Frank Hileman, Friday, July 11, 2003 at 8:08 AM

Not sure you picked a good example. File.Exists may be useful for other things.

Brian, Friday, July 11, 2003 at 9:36 AM

The debate we were actually having was over this API, but I agree that there are much better examples.  Here is an example of an API that actually helps you write good code: in the early days of the collection APIs we had a ToArray method that would convert the collection to an array.  We scrubbed it, and instead went with the hard-to-use Array.Copy. Why?  Because a little analysis of the code base showed that even within our own code ToArray was rampant.  It's convenient, but it causes a copy of a collection to an array which is very expensive.  Array.Copy requires the developer to realize what he or she is doing, and is much more explicit.  Some may criticize this decision but the net result of it is that without them realizing it, their code is more efficient.

Frank Hileman, Saturday, August 23, 2003 at 10:25 AM

Sorry to restart this so late. I was thinking over your comments and something really bothered me. In both examples, File.Exists, and ToArray, it seems the solution (obscurity) only addresses the symptom and not the underlying problem. It is as if a doctor treated a serious infection with a pain-killer. For example, you noticed ToArray being used often, and performance impacts from that. The underlying problem is the fact that people prefered ToArray to something else. So the solution is to make the "something else," presumably using the collection directly, easier to use, thus preferable to users. The underlying problem was the inconvenience of not using ToArray, not the use of ToArray. By hiding ToArray you alleviate the symptoms but not the problem, and you frustrate developers who are trying to find ToArray functionality.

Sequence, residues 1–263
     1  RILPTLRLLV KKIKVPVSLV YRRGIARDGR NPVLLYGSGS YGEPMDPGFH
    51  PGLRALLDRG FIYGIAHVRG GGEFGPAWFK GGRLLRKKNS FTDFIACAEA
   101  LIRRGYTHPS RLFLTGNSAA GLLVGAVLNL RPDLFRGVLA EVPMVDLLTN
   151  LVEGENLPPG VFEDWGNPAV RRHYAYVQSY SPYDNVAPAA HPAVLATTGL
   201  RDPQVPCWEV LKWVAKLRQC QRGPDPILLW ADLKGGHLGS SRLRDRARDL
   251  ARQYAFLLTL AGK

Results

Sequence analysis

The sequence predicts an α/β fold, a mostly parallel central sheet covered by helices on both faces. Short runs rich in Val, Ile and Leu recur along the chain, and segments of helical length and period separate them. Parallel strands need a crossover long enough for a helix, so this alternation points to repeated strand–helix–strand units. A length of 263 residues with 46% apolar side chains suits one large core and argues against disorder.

The same argument can be made about File.Exists. The problem is the lack of a File.OpenIfExists function: if that were present, well-documented, and used in example code, people would prefer that to the clumsier combination of two calls, and the specific File.Exists problem would never appear, without having to hide the logical File.Exists in an obscure location.

These two examples are not enough to bother me. But I have noticed other similar "hiding" techniques that do bother me tremendously, and probably frustrate the hell out of anyone who is simply trying to find a function or property in the logical location in the documentation. Sometimes, as well, the hiding causes performance impacts.

Consider that some methods were turned into explicit interface implementaions merely to hide them in the documentation. To me this is absurd. If there is a problem in the documentation, it should be fixed in the documentation -- have an "advanced" view, or group members together. For example, all the IConvertible explicit interface implementations in the basic value types. Because calling an interface function on a value type requires boxing, leaving these functions as non-explicit interface implementations would have been much better. To fix the documentation, performance was damaged permanently. But worse, no one can even tell, by looking at the "Int32 Members" page in the documentation, that these functions exist for Int32. Without a single page listing the methods, we tend to use tools like Reflector.